The Oxygen of Poetry


Dear Ghosts, Tess Gallagher [144pp, 8.95, Bloodaxe]
 

This is Tessa Gallagher's seventh book of poetry and her first for fourteen years. The collection before this was the much-praised Moon Crossing Bridge, a set of moving elegies for her third husband, the great American short-story writer, Raymond Carver, who died in 1988. Tess Gallagher is now in her mid-seventies bearing the pains and anxieties of serious illness with fortitude and some serenity.
 
There are elegies here too: the first husband who survived Vietnam 'having come home some-sort-of-alive...
 
            carrying in his pocket shrapnel dislodged
            from his plane, memento of one fate
            having spared him
            so another could put him down.
                                    [from 'Brushing Fate']
 
her 'flesh-and-blood father' who, before setting off to work as 'a pipe-fitter in the Bremerton shipyards'
 
            glances back at the peace of his neighbourhood
            to which he has added one small, necessary magic: fire.
                                    [from 'Fire Starter']
 
the women of Auschwitz she thinks about, in a moving and courageous poem of that name, when she is having her head shaved and counting herself lucky in comparison:
 
            I feel strangely gentled, glimpsing
            myself in the mirror, the artefact
            of a country's lost humility.
            My moon-smile, strange and far,
            refuses to belong to the cruelties
            of ongoing war. I am like a madwoman
            who has been caught eating pearls - softly radiant,
            about to illuminate a vast savanna, ready
            to work a miracle with everything left to her.
 
her husband, Raymond Carver:
 
            Before heading to the cemetery
            I made them leave the lid up
            while I ran out to the garden
            and picked one more bouquet
            of sweet peas to fan onto your
            chest, remembering how you
            beamed when I placed them
            on your writing desk in
            the morning. You'd draw
            the scent in deeply,
            then I'd kiss you on the brow,
            go out, and quietly close
            the door.
                        [from 'Sixteenth Anniversary']
 
Most of the poems in the book are unhurried; they take their time and expect you to do the same. They are like leisurely walks in the fresh air or conversations which, like nearly all conversations, enjoy going off at tangents, as if they had all the time in the world - that is, until they circle back and you discover that what might have seemed inconsequential has sneaked up on you as meaningful and satisfying. It's like learning to trust. These poems follow what Eliot famously called the logic of the imagination.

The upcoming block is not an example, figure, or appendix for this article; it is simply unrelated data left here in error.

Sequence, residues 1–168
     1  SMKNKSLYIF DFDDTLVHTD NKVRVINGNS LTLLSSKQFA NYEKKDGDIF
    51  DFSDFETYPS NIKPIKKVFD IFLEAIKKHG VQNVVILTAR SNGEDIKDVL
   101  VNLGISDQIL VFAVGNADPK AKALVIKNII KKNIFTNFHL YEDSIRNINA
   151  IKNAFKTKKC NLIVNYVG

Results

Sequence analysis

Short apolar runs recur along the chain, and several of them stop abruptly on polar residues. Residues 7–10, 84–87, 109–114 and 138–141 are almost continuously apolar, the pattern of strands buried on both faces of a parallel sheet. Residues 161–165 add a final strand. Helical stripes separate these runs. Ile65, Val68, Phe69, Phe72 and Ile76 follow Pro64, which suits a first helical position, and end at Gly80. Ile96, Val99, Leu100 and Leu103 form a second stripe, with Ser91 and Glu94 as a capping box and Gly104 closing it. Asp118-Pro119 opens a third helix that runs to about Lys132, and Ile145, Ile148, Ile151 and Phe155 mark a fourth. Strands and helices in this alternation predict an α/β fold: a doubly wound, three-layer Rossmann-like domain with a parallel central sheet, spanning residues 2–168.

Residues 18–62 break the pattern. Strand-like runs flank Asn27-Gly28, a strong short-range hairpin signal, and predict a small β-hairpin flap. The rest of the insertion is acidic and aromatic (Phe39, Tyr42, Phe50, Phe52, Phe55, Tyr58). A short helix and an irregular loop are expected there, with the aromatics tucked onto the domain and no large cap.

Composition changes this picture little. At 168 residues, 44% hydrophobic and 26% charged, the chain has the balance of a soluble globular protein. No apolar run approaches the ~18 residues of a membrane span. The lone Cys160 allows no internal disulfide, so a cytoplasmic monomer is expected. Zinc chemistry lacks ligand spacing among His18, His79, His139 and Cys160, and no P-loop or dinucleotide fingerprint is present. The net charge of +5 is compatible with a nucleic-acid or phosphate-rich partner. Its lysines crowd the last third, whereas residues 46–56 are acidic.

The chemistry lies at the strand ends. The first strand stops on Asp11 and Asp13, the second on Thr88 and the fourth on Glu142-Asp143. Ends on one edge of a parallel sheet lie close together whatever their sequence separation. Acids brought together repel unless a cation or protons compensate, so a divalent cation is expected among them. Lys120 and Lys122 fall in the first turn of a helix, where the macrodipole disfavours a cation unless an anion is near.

Sometimes a glory
            is just that - a guessing into
            the seen, noticing
            the fringe of presence
            when it comes, trying to match
            its fervency by something
            as tangible, something
            only you are equal to.
                        [from 'Little Match Box']
 
In them ghosts can be communed with, death confronted ('Time / to admit the limitations of death as admonition'), vulnerability acknowledged, and each new day accepted with some equanimity:
 
            The new day has been given
            so whatever befell us yesterday
            can be withstood, not as it was,
            but as if we had perished
            into it, and, despite horror or joy,
            something miraculous could be
            done with us that surpasses even hope,
            which only wants ascension of the prospect
            and not the helpless, dire turn - its
            clang and echo.
                        [from 'What The New Day Is For']
 
The acceptance we find in them is strongly Buddhistic. The poems are alive with curiosity but they are also meditative and metaphysically speculative. They are, it has been said, 'punctuated by... feisty resilience and signature grace'. They are also haunted by wars that have had to be lived through and awareness of man's constant inhumanity to man. But shining through all this there is a delicacy of feeling that finds a focus in small things too. She keeps finding dead or dying birds to contemplate; she rejoices in the escape from being run over of a badger (I am reminded of John Clare's moving poem): 'How I need you, badger, so the world / can be strange enough/to save...
 
                        In that loophole-moment
 
            badger let us have again the freezing stars
            of an Irish morning.
                                    [from 'Brushing Fate']
 
Several poems have Ireland as their setting, which she sees as a 'healing place'. Particularly affecting is the poem Irish Weather
which I'll quote in full:
 
            Rain squalls cast sideways,
            the droplets visible
            like wheat grains
            sprayed from the combine.
            As suddenly, sunshine.
            If a person behaved
            this way we'd call them
            neurotic. Given weather, we gust
            and  plunder with only
            small comment: it's
            raining; sun's out.
 
This is an uplifting collection of fine poems.

              Matt Simpson 2007